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anonymous

  • 5 years ago

Integral of 1/(sqrt(9-4x^2))

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  1. Owlfred
    • 5 years ago
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    Hoot! You just asked your first question! Hang tight while I find people to answer it for you. You can thank people who give you good answers by clicking the 'Good Answer' button on the right!

  2. anonymous
    • 5 years ago
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    use wolfram alpha

  3. anonymous
    • 5 years ago
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    It doesn't show any of the steps.

  4. anonymous
    • 5 years ago
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    it does, click show steps

  5. nowhereman
    • 5 years ago
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    Substitute \(\frac{2}{3}x = \sin z\)

  6. anonymous
    • 5 years ago
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    nowhereman, I got that part. My only problem is getting the 1/2 in front of the integral.

  7. anonymous
    • 5 years ago
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    nowhereman, revolve the region bounded by y = (x+2)^2 , y = 2, y=0, about the y axis (using shell method). i get a negative v0lume

  8. anonymous
    • 5 years ago
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    laplace... http://i301.photobucket.com/albums/nn63/knightfire8/Screenshot2011-05-26at104452PM.png It doesn't show the steps first of all. Second..Im trying to ask a simple question, please dont use my question as your own space.

  9. anonymous
    • 5 years ago
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    yes it does show the steps

  10. anonymous
    • 5 years ago
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    its one step

  11. anonymous
    • 5 years ago
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    It's definitely not one step. I have at least 4 to get to my answer which has everything except the 1/2. Now please move on.

  12. anonymous
    • 5 years ago
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    its one ugly giant step

  13. anonymous
    • 5 years ago
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    then pay for a tutor, , and dont tell me what to do

  14. anonymous
    • 5 years ago
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    check pauls notes on trig substitution, whatever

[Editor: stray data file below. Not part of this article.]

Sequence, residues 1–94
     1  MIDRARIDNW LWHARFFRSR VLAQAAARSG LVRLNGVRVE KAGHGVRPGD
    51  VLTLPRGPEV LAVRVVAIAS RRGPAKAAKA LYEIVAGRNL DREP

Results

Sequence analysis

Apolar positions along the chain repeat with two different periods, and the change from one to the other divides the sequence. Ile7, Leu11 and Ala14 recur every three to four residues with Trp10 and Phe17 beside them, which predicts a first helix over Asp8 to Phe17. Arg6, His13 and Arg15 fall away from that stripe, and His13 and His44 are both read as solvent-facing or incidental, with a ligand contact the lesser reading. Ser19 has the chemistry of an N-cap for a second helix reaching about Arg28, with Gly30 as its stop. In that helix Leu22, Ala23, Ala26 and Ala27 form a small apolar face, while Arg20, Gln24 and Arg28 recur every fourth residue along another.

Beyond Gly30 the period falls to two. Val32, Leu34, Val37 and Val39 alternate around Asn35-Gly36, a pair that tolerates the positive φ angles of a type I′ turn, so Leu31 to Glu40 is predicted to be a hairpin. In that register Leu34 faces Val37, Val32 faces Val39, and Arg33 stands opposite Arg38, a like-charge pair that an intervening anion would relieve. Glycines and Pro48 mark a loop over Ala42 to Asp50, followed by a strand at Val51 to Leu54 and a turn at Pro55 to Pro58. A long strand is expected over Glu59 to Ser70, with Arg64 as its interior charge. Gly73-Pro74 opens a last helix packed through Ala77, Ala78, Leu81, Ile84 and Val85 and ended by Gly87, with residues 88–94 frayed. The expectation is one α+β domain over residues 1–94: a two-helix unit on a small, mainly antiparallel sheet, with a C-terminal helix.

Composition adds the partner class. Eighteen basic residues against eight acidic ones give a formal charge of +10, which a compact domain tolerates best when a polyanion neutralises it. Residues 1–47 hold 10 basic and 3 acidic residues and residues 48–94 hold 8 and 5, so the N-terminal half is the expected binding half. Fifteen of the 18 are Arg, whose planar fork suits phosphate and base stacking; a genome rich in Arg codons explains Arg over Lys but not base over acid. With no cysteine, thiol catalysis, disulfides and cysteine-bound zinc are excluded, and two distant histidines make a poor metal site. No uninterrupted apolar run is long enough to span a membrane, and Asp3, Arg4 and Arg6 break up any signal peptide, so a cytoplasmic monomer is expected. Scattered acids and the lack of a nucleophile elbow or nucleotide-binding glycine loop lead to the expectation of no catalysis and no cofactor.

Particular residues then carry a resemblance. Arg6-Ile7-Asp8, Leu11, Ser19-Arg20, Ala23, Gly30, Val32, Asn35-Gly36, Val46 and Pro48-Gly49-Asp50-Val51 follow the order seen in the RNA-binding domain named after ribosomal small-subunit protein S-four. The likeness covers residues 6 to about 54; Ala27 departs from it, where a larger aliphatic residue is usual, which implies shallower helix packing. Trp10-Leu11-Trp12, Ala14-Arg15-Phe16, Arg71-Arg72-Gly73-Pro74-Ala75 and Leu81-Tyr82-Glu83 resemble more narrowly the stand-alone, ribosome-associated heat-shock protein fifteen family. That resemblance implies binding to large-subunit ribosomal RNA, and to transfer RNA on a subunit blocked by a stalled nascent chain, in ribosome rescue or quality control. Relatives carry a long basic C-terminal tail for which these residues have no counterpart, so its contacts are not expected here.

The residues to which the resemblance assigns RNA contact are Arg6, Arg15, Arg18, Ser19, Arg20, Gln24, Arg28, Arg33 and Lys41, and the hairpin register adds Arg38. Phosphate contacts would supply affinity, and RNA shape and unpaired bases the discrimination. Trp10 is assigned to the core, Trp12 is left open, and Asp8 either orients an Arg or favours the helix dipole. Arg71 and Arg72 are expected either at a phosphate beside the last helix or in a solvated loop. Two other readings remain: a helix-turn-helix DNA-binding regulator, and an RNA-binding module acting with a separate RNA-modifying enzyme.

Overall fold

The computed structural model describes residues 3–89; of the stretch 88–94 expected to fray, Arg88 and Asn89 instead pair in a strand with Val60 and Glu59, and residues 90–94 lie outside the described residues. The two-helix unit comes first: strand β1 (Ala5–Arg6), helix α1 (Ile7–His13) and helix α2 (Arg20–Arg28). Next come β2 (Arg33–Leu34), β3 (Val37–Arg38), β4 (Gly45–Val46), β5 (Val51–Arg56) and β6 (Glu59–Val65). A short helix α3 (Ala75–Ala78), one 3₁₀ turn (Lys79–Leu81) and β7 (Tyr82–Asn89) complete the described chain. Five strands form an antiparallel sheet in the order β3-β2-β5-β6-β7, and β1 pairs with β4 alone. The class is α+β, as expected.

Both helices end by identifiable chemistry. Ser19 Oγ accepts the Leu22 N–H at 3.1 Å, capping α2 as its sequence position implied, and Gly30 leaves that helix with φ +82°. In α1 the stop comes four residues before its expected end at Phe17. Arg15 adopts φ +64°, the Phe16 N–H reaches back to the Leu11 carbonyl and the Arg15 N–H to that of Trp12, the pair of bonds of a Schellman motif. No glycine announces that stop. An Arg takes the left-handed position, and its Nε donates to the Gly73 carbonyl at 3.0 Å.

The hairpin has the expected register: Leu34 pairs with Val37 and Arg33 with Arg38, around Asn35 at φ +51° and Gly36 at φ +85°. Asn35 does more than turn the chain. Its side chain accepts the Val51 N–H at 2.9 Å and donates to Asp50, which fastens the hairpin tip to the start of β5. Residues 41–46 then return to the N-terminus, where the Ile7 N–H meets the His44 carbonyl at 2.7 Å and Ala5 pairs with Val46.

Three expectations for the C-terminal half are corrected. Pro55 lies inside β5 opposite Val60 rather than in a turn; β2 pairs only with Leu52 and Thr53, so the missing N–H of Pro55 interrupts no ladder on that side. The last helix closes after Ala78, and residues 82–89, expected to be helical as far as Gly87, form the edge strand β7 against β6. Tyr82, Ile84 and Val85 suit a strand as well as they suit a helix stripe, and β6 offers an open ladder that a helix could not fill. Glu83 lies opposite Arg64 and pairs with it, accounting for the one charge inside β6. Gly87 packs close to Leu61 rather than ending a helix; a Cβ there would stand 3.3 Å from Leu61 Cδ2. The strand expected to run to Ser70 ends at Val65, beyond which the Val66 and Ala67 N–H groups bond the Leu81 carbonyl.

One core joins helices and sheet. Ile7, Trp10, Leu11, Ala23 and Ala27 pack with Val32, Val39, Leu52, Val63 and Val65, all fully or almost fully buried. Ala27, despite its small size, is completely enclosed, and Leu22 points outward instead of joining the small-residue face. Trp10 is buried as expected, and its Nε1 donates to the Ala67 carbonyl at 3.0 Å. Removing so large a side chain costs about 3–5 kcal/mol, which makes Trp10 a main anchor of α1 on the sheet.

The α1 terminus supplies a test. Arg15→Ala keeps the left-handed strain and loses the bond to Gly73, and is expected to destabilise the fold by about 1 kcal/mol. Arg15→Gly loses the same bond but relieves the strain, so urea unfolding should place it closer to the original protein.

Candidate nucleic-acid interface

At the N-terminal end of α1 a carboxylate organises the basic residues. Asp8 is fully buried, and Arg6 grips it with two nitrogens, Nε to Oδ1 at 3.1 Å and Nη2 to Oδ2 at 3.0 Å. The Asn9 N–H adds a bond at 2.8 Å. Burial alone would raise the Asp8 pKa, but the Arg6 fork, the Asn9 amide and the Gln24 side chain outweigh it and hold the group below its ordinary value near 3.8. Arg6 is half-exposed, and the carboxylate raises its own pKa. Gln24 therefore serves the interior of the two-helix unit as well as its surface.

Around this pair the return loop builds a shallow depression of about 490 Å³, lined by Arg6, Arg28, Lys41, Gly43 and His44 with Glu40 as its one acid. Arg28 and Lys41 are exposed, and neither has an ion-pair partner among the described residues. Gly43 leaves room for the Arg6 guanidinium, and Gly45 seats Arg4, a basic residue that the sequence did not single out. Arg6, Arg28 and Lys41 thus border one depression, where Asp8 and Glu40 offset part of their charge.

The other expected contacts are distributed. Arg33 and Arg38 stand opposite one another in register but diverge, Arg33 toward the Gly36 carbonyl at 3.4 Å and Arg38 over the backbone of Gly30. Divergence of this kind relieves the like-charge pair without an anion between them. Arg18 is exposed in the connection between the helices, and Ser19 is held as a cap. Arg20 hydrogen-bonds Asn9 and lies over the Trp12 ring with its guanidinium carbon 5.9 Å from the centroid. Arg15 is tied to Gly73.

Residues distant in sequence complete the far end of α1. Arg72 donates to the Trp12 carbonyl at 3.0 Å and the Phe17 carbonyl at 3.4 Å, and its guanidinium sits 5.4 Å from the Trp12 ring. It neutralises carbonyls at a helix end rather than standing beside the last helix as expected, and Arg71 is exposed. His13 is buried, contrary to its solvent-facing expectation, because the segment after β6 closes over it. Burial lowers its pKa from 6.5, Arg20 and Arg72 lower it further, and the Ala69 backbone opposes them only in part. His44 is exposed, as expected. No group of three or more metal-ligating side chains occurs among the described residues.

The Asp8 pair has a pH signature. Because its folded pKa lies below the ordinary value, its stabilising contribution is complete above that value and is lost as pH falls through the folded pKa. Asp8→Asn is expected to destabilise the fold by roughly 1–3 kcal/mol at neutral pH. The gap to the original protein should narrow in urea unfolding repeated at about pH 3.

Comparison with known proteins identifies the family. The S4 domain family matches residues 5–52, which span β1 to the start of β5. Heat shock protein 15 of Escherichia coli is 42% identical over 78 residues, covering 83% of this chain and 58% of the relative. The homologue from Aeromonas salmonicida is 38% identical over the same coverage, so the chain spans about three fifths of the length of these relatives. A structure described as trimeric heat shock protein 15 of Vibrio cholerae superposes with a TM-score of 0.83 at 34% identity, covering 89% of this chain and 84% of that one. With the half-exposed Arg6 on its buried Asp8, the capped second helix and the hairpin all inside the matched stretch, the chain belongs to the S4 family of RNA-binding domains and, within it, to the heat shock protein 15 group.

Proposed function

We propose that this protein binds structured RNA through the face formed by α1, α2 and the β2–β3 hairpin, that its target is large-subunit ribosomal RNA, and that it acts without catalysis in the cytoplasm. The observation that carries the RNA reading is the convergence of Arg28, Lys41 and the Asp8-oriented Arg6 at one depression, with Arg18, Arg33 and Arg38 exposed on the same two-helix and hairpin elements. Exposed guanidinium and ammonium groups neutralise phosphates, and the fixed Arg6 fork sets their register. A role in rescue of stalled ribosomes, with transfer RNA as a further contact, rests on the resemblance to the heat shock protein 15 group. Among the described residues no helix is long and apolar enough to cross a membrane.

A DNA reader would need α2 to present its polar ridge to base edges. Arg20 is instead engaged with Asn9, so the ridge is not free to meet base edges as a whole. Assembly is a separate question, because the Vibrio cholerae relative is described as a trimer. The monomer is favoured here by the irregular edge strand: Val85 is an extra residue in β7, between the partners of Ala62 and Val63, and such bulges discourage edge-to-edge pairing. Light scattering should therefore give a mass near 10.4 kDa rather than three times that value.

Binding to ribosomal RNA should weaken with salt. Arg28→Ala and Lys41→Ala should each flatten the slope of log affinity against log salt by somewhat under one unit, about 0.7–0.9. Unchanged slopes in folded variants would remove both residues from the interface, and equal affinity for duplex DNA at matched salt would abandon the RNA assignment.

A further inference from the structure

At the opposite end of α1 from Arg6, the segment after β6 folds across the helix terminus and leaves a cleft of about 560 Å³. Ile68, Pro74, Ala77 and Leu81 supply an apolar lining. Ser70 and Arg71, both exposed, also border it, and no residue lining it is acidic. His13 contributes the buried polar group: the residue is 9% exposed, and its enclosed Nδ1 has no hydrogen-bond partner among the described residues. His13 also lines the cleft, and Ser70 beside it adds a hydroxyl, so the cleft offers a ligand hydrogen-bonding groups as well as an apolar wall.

15. nowhereman
    • 5 years ago
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    laplace, could you please post your question seperately, I will help knightfire

  16. nowhereman
    • 5 years ago
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    Could you show the substitution step you are doing knightfire, that's where the 1/2 comes from.

  17. anonymous
    • 5 years ago
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    So I set x = 3/2(sinz), dx = 3coszdz, and sqrt(9-4x^2) = 3cosz

  18. anonymous
    • 5 years ago
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    I plug them in for their appropriate parts and I get z +c

  19. nowhereman
    • 5 years ago
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    aha, that's the mistake, dx = 3/2 cos z dz

  20. anonymous
    • 5 years ago
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    Wait, so how did you get the 1/2 you multiple by? That's the part Im confused on. Because as mentioned before I got everything the same as the answer it listed except for 1/2.

  21. anonymous
    • 5 years ago
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    multiply*

  22. nowhereman
    • 5 years ago
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    Because if you differentiate \(x\) you will get \(\mathrm{d}(\frac{3}{2}\sin z)/\mathrm{dz} = \frac{3}{2} \cos z\) and that's where your \(1/2\) is missing.

  23. anonymous
    • 5 years ago
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    Ohhh ok that makes sense now. I guess I forgot that x and dx were directly related to each other with all these trig equations going on...Thanks so much nowhereman, you were most helpful.

  24. anonymous
    • 5 years ago
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    ok

  25. nowhereman
    • 5 years ago
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    laplace, you might get a negative volume, because the area you are rotation is on the left side of the y-axis. Try to mirror it, i.e. you \(y \leq (x-2)^2\) and the interval \([0, 2]\)

  26. anonymous
    • 5 years ago
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    \[\int\limits{1/\sqrt{(9-4x ^{2})}}dx\] \[=1/2 \int\limits 1/\sqrt{((3/2)^{2}-x ^{2})} dx\] \[= (1/2)*2/(2*3) \ln ((3/2+x)/(3/2-x)) +c\] \[=1/6 \ln ((3+2x)/(3-2x))+c\]

  27. anonymous
    • 5 years ago
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    \[\int\limits \frac{1}{\sqrt{9 - 4*x^2}} \, dx=\frac{1}{2} \text{ArcSin}\left[\frac{2 x}{3}\right]+c \]

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